HILLIARD, Edward (1754-1815), of Cowley House, nr. Uxbridge, Mdx.
Available from Boydell and Brewer
Family and Education
b. c.1754, o.s. of Edward Hilliard of St. Clement Danes, London ?by 2nd w. Ann Nash. educ. I. Temple 1769; L. Inn 1775, called 1775. m. (1) 14 Aug. 1779, Elizabeth Stafford (d. 23 Aug. 1800), da. and h. of William Crosier of Cowley, Mdx., 5s.; (2) 24 Sept. 1801, Hannah Colborne wid., of Shreddington Green, Bucks., s.p.
Hilliard purchased the two parts of the manor of Cowley in 1786 and 1789.1 In 1802 he entered Parliament as a supporter of administration, on Viscountess Irwin’s interest. On 4 Mar. 1803 he supported Calcraft’s motion for a committee on the Prince of Wales’s finances, apologizing as a newcomer for speaking early in the debate, ‘but having been all the morning in a committee, he feared he might not at a late hour be enabled to deliver his sentiments’. He opposed a petition against the St. Pancras workhouse bill, 4 Apr., thinking that the bill was ‘absolutely necessary’. On 16 and 17 Apr. he moved for the discharge of the mayor of Grimsby, committed for breach of privilege. He stated his preference for the new over the old income tax on 5 July, desiring that the tax should be as productive but as unobjectionable as possible.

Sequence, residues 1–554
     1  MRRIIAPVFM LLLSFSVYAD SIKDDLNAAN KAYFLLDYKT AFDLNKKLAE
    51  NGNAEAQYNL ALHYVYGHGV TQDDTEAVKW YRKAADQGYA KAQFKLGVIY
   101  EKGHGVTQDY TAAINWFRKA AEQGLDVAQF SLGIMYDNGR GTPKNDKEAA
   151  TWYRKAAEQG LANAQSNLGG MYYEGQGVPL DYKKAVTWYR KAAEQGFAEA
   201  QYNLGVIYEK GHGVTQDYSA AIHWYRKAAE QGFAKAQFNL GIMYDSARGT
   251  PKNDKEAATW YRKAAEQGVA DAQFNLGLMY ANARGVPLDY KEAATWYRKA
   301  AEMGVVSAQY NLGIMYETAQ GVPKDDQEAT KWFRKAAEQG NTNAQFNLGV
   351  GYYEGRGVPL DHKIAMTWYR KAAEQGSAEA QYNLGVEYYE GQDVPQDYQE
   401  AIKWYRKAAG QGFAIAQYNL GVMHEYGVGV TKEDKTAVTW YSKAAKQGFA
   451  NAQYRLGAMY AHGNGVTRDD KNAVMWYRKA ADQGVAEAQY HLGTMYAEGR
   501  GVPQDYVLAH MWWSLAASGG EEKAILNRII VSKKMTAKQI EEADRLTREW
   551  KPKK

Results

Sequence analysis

After Addington’s resignation, Hilliard wrote to him on 5 May 1804,
During the very short time I have been in the House, I have, as you told me the latter end of last session, attended closely, and seen a great deal of interesting public business. Since that period I have been equally a constant observer, and it is my decided opinion that had the gentlemen who composed your administration shown a greater exertion of talent, and a proper complacency of manners, your honour, integrity and ability would have effectually resisted any conjoined efforts of the members of opposition.
He added that he had never solicited, directly or indirectly, any favour from Addington, voting with him ‘from real approbation and principle’.2 At that time he was classed by the Pittites as doubtful, and in September 1804 as ‘Pitt’, with whom he voted for referring Melville’s case to a select committee, 8 Apr. 1805; but after he had voted in favour of a criminal prosecution, 12 June, he was listed as ‘doubtful Sidmouth’. No subsequent speech or vote is known.
Hilliard did not stand at the general election of 1806. He died 18 Dec. 1815.3